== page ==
The camel of forgetfulness knows more than the python of curiosity.
It is sometimes wiser to circle the square than to square the circle.
No snail by wishing can become an elephant.
But my favourite is: A ceiling keeps thing in, a roof keeps things out. – just the sort of thing a budding realtor should  know about.

Squirrel as an Economic Indicator

SquirrelMy UKIP friends in Suffolk talk about the Chihuahua of Doom (see previous blog on 22nd December 2013) but I’m indebted to columnist A.C. Snow of Raleigh’s News & Observer for the comment that he has a friend who assures him that the local economy is in good shape. The barometer of financial well being is the squirrel population.
Apparently during the bad patches people eat squirrel and they are not doing that now! According to chef Georgia Pellegrini squirrel hunting is more American than apple pie…. Few things are more intertwined with American history and tradition.
Squirrel is, in fact, one of the most popular game animals in the eastern United States. Squirrel also features in the 1931 book Joy of Cooking. Our edition dates from 1980 but the recipes are still there.
Please see:
http://www.newsobserver.com/living/liv-columns-blogs/ac-snow/article49250445.html http://www.foxnews.com/opinion/2012/01/22/why-eat-squirrel-really.html
http://www.thejoykitchen.com

Strawberry Risotto Anyone?

strawberries
strawberries

Last week’s Spectator contains a review of the book High Dive* which is a fictionalized account of the bombing of Brighton’s Grand Hotel in 1984.
Fictionalised because the book contains a reference to the chef whose signature dish of  “Strawberry Risotto topped with Parmegiano Stardust would be enough to make anyone go on hunger strike”

*High Dive is by Jonathan Lee and published by Heinemann

 

Hadleigh Town Council

My very Whiting Rgood friend Richard Whiting has been elected Mayor of Hadleigh for the next year. He is a very experienced Councillor and will bring an appropriate level of gravitas to the job. One of his tasks will be to represent the town at social functions. Judging by the experience of his predecessors he will be invited to over fifty such occasions and will thus become an expert on canapés and outside caterers!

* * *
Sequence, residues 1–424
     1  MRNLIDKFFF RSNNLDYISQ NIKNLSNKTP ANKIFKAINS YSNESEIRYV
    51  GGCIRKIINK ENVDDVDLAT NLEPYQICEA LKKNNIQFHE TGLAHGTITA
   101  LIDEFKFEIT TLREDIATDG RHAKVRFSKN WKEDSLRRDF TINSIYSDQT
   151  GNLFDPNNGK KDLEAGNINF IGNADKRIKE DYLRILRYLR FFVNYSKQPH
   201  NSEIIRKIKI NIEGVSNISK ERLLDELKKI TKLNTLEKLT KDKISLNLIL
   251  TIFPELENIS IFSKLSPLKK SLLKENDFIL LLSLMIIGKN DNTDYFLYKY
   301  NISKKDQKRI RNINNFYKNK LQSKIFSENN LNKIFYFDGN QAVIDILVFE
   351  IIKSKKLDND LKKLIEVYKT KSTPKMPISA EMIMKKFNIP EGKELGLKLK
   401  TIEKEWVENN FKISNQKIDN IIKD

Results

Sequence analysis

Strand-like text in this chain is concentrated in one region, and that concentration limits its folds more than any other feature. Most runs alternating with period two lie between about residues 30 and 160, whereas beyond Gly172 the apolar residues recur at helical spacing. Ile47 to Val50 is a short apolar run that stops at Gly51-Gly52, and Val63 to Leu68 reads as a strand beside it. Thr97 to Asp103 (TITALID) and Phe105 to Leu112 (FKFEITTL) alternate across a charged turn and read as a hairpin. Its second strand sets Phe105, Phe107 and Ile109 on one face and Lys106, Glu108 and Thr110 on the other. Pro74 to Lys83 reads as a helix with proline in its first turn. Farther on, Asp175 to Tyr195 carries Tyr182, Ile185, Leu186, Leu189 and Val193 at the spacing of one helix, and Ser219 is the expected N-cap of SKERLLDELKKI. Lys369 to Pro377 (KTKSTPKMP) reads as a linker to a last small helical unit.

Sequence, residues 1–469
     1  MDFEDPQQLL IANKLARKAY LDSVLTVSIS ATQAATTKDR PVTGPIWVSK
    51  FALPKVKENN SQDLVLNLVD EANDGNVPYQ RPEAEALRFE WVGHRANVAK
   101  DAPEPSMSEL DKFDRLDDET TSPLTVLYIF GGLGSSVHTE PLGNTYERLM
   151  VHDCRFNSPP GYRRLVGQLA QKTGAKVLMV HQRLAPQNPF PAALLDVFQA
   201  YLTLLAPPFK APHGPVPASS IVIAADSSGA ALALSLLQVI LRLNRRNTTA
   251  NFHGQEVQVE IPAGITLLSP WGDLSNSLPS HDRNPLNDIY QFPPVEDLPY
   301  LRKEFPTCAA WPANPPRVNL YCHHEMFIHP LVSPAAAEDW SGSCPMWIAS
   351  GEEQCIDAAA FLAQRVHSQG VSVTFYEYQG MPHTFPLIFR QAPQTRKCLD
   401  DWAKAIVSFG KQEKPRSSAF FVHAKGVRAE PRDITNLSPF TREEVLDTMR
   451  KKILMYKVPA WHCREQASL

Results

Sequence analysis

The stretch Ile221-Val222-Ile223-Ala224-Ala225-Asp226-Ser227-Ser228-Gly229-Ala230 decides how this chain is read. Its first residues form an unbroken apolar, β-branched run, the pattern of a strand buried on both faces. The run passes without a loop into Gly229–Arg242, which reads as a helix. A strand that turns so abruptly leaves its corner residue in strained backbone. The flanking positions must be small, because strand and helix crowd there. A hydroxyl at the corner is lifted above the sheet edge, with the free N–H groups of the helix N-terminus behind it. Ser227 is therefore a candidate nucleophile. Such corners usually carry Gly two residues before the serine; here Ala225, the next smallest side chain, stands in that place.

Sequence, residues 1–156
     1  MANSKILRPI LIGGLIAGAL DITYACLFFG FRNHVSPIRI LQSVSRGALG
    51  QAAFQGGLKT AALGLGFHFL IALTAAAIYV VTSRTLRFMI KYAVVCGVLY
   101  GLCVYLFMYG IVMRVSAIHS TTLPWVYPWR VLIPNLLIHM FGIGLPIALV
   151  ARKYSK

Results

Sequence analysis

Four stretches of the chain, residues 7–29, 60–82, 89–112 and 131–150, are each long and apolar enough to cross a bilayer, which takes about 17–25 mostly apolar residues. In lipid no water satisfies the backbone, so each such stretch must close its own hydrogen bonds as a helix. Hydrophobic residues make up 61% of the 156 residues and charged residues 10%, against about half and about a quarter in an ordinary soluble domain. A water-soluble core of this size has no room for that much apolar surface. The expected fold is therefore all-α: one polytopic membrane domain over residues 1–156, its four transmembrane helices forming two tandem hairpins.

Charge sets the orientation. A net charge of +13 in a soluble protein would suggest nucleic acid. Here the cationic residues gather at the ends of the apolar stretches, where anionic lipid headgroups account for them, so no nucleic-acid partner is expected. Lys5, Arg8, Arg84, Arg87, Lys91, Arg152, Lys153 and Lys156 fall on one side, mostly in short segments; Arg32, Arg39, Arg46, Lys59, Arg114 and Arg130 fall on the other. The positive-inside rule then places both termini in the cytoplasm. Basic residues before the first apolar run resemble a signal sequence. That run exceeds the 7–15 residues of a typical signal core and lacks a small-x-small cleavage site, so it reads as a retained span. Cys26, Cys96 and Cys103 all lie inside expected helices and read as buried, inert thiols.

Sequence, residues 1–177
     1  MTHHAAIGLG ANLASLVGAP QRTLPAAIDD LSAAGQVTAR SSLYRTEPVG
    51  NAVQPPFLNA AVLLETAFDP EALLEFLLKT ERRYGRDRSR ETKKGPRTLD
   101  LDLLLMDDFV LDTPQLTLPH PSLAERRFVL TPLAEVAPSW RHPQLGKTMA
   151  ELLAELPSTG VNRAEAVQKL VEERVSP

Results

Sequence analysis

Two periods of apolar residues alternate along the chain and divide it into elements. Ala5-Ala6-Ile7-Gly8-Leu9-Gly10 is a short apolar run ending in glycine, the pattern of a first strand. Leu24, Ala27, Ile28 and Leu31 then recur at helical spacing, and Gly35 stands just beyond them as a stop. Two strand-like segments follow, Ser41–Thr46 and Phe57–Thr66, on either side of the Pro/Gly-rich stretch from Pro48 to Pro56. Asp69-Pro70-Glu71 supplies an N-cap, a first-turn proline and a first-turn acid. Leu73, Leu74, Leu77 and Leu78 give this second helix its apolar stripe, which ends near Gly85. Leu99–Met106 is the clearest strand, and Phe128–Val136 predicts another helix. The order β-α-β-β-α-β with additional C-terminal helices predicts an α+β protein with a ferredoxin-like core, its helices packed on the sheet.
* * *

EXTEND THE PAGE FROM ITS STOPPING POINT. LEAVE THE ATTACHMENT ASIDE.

Richard ran on a Lib-Dem ticket and I suspect that he will be the last Lib-Dem Mayor for a considerable time.
Hadleigh Town Council meets monthly and one of my functions is to give a report on my activities and matters affecting the town. As I am no longer a District Councillor I expect my reports to be shorter than heretofore and my report for May is attached. Please see HTC Report 150517

Eating for England

Brian at Katz'sLast week I was taken to lunch at Katz’s Delicatessen, also known as Katz’s of New York City. It is a kosher style (not kosher) delicatessen restaurant located at 205 Houston Street, on the southwest corner of Houston and Ludlow Streets on the Lower East Side in Manhattan, New York City. Since its founding in 1888, it has become popular among locals and tourists alike for its pastrami sandwiches and hot dogs, both of which are widely considered among New York’s best. I went for the pastrami sandwich and as can be seen it looked as though I was eating for England. Was it worthwhile – you betcha! And I also took half a portion of chips and some dill pickles but I eschewed the lettuce as overly green things tend to be harmful.Katz's Delicatessen
As well as being a world famous delicatessen it was the feature restaurant in Where Harry met Sally and there is a sign in the restaurant indicating the exact location of that famous scene. More information can be found on http://en.wikipedia.org/wiki/Katz%27s_Delicatessen